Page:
Big M LOVES to craft, and more and more often, wants to do every part of it herself. This includes using scissors. I first introduced her to scissors about a year ago, and it lead to more frustration than fun. However, over the last 12 months, with the help of preschool and this series of activities to introduce scissor skills and teach scissor safety, she has come a long way!
Sharpening Scissor Skills
So believe it or not, teaching kids proper scissor technique begins with activities that do not involve scissors at all. Instead, first focus on strengthening hand muscles, fine motor skills and eye-hand coordination more broadly. This will ease frustrations and naturally improve safety when you do finally put a real pair of scissors in their little hands! And you can start these activities in early toddlerhood, long before you may feel comfortable giving your child a pair of scissors.
Fine Motor Skill Activities
There are hundreds of different activities out there to develop fine motor skills. I’ve shared links to a few of my favorites below, and you can find countless more on my Pinterest board, Fine Motor Skills!.
Mixing Play Dough
The kneading and squishing together of two different colors of play dough can be great fun for kids. Teach them a little color magic, while also strengthening their fingers and hand muscles.
Beading Pipe Cleaners
Stringing beads onto stiff pipe cleaners is an excellent challenge for fine motor skills and eye hand coordination. It also teaches them how to hold a pipe cleaner still in one hand, while using the other hand to add beads – a skill that will transfer to holding paper while cutting.
Using Eye Droppers
The pinch and release motion to manipulate an eye dropper is a great fine motor skill activity. You can use it to make a little science magic adding colored vinegar to a tray of baking soda, to drop paint onto shaving cream to make marbleized prints, or melt a heart frozen in ice!
Adding Paper and Punches
When your child’s fine motor skills seem well developed, you can start to add activities with paper and paper punches that start to mimic the motions and coordination they will require to eventually use scissors.
Start with tearing paper. Gripping the paper with both hands between their thumb and fingers and pulling in opposite directions is a first step towards eventually learning to hold the paper and cut it. At 19 months, Lil’ M was more interested in stacking the paper on top of the bowl after I tore it, than tearing it herself… but it kept her occupied while Big M tore and then punched away!
Paper punches, especially handheld single hole punches, are a smart next step towards cutting paper. Your child has to learn to hold and manipulate the paper while squeezing and releasing the handles of the punch, yet their fingers are still safe from getting snipped. And since it’s March, Big M also wanted to punch out shamrocks!
Once you feel comfortable with the way your child handles the punches and paper, and more importantly, follows directions and is not easily frustrated, you can introduce scissors. It is important they be open to following instructions, accepting help (sometimes the independence and stubborn streak can be vicious!), and if they get frustrated, do not do so aggressively for their own safety.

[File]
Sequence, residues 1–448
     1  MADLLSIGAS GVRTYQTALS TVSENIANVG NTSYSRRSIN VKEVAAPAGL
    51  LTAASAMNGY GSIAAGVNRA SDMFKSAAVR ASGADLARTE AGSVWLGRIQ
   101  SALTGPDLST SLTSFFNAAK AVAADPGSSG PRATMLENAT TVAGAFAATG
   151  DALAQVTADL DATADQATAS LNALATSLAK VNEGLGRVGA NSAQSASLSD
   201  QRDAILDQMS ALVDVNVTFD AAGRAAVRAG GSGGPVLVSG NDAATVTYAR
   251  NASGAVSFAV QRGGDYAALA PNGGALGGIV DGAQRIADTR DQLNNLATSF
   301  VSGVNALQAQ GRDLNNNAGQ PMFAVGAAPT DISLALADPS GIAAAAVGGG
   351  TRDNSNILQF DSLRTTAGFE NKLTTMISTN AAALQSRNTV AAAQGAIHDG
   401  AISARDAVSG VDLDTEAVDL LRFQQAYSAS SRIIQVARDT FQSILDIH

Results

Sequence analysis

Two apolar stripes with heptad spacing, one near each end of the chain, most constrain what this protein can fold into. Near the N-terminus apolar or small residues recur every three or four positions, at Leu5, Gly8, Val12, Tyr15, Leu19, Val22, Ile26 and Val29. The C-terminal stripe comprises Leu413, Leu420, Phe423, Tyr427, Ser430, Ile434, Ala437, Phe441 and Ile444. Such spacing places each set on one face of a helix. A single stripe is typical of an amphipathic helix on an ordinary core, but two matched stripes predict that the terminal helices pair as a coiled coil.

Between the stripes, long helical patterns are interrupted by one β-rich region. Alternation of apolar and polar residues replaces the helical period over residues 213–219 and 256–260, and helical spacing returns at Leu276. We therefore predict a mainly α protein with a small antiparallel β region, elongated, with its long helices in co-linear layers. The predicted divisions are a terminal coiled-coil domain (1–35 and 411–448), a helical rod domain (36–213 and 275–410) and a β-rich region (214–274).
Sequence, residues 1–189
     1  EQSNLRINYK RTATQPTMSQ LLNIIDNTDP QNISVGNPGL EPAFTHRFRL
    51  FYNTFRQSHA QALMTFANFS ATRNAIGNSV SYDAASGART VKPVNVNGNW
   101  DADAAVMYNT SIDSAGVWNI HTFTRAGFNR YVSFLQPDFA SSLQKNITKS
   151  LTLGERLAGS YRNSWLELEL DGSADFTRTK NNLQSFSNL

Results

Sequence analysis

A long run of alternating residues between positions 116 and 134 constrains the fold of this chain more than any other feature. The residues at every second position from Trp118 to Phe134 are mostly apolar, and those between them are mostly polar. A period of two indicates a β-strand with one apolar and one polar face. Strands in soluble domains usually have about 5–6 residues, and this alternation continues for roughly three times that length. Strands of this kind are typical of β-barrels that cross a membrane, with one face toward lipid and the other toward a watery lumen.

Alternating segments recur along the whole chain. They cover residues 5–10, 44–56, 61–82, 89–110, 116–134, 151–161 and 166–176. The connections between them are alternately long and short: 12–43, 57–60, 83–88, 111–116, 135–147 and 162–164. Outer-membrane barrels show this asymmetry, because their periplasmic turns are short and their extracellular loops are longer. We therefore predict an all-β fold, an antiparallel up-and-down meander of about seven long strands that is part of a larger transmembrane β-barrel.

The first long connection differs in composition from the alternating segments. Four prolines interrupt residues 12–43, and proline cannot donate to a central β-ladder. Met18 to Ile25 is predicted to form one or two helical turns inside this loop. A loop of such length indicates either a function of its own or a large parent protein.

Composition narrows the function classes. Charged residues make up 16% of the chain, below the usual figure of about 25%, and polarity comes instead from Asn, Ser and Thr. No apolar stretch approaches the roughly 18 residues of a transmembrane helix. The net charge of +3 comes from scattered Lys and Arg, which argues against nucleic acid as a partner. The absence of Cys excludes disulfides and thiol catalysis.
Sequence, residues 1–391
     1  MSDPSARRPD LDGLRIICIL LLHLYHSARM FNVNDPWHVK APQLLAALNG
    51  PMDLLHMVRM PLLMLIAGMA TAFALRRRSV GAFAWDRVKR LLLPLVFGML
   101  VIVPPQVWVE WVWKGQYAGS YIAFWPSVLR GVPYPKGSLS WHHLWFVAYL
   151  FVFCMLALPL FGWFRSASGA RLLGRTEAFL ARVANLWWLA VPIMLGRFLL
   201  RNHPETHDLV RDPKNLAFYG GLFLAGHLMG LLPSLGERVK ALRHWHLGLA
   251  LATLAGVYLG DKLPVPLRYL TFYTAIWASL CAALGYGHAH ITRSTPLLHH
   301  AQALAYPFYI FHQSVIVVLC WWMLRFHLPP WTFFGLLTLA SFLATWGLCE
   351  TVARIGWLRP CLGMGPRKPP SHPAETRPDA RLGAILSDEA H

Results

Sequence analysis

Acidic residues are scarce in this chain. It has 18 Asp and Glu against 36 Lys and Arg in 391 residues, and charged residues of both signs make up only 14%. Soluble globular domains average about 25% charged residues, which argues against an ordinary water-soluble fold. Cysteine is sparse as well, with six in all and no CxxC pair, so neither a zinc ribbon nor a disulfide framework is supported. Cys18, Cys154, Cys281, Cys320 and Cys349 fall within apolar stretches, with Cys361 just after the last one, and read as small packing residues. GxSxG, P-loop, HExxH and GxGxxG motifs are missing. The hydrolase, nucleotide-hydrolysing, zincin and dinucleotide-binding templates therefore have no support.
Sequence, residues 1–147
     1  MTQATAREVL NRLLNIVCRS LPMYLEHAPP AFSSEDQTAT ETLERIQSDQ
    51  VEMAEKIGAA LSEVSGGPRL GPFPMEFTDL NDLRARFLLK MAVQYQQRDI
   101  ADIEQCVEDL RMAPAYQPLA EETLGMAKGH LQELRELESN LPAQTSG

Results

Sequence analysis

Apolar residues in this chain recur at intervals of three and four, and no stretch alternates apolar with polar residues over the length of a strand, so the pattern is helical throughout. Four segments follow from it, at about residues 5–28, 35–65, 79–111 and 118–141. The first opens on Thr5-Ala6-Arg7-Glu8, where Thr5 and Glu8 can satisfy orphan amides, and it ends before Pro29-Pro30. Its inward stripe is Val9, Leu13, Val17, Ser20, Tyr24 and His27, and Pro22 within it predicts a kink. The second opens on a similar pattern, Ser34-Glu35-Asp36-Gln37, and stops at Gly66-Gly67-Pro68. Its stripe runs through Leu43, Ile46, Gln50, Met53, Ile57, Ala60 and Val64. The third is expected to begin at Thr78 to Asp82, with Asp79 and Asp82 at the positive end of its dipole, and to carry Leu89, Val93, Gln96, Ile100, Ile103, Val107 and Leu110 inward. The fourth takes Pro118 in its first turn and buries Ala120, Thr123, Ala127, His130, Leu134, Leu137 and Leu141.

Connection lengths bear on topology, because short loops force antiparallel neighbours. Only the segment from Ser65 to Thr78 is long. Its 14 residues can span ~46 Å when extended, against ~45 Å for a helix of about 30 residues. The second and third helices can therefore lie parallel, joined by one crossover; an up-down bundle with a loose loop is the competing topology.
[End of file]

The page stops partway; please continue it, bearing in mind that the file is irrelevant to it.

You want to get your child a good pair of children’s sized scissors. They should cut well, to alleviate the potential for frustration, and have blunt, rounded tips for safety. I recommend Fiskars Childrens Safety Scissors. They are high quality, while still very affordable ($3), and are often the brand used in schools, so they will be familiar to your child when they get there.
Do you see the happy face?
When I first started working with Big M with scissors, my mom gave me a great tip – draw a smiley face on her thumb. Tell her you have to be able to see the smiley face while she is cutting. This forces proper scissor grasp. Often, children have a strong tendency to want to put their thumb on the underside of the scissors while cutting. Drawing the smiley face is a good point of focus both for keeping their thumb on top, and to keep the thumb in the small hole of the handle. When she turns her hand over, I just have to remind to show me her smiley face, and she corrects herself.
Start by Snipping
To get them comfortable opening and closing the scissors, practice small snips first. It’s easiest to practice this on objects that will hold firm and stiff while they cut before trying on paper. Practice with things like lengths of play dough, plastic drinking straws, narrow strips of card stock, or paint chip strips.
Once they master snipping, you can have them snip across a piece of paper repeatedly to make fringe. For a stiffer material, try using craft foam sheets. It is easy enough to cut through while being firmer than regular paper, making it easier for little hands to hold it firmly in place for cutting.
You can practice these skills in a progression in one sitting, on incorporate them into other craft activities, making it part of the fun. Big M called it quits after the fringe today because she wanted to put all these green clippings to good use! Come back Thursday to see our green craft reveal… After your child is comfortable making short, quick single cuts, you can challenge their scissor skills further by having them cut straight lines, zig zag paths, and eventually curves and more complicated shapes.
At what age did you introduce scissors with your child? What other fun materials does your child like to cut?